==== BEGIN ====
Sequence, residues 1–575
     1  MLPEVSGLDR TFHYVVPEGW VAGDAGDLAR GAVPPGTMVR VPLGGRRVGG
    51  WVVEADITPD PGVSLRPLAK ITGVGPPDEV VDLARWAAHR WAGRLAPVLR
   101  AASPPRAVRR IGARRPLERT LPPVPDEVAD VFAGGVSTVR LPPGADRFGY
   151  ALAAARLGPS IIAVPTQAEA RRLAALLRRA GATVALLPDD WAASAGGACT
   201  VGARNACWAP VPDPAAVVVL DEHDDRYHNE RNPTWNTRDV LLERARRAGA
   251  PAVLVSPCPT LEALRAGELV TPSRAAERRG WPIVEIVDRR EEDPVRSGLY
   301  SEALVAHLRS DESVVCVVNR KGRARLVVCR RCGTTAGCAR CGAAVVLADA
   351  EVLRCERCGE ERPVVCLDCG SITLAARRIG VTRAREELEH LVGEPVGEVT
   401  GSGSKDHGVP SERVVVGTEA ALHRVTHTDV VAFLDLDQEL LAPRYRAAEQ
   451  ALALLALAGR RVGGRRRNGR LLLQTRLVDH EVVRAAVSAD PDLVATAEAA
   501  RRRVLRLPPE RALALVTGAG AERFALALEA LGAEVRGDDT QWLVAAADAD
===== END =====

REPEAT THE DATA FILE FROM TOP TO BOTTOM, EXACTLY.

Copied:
Sequence, residues 1–575
     1  MLPEVSGLDR TFHYVVPEGW VAGDAGDLAR GAVPPGTMVR VPLGGRRVGG
    51  WVVEADITPD PGVSLRPLAK ITGVGPPDEV VDLARWAAHR WAGRLAPVLR
   101  AASPPRAVRR IGARRPLERT LPPVPDEVAD VFAGGVSTVR LPPGADRFGY
   151  ALAAARLGPS IIAVPTQAEA RRLAALLRRA GATVALLPDD WAASAGGACT
   201  VGARNACWAP VPDPAAVVVL DEHDDRYHNE RNPTWNTRDV LLERARRAGA
   251  PAVLVSPCPT LEALRAGELV TPSRAAERRG WPIVEIVDRR EEDPVRSGLY
   301  SEALVAHLRS DESVVCVVNR KGRARLVVCR RCGTTAGCAR CGAAVVLADA
   351  EVLRCERCGE ERPVVCLDCG SITLAARRIG VTRAREELEH LVGEPVGEVT
   401  GSGSKDHGVP SERVVVGTEA ALHRVTHTDV VAFLDLDQEL LAPRYRAAEQ
   451  ALALLALAGR RVGGRRRNGR LLLQTRLVDH EVVRAAVSAD PDLVATAEAA
   501  RRRVLRLPPE RALALVTGAG AERFALALEA LGAEVRGDDT QWLVAAADAD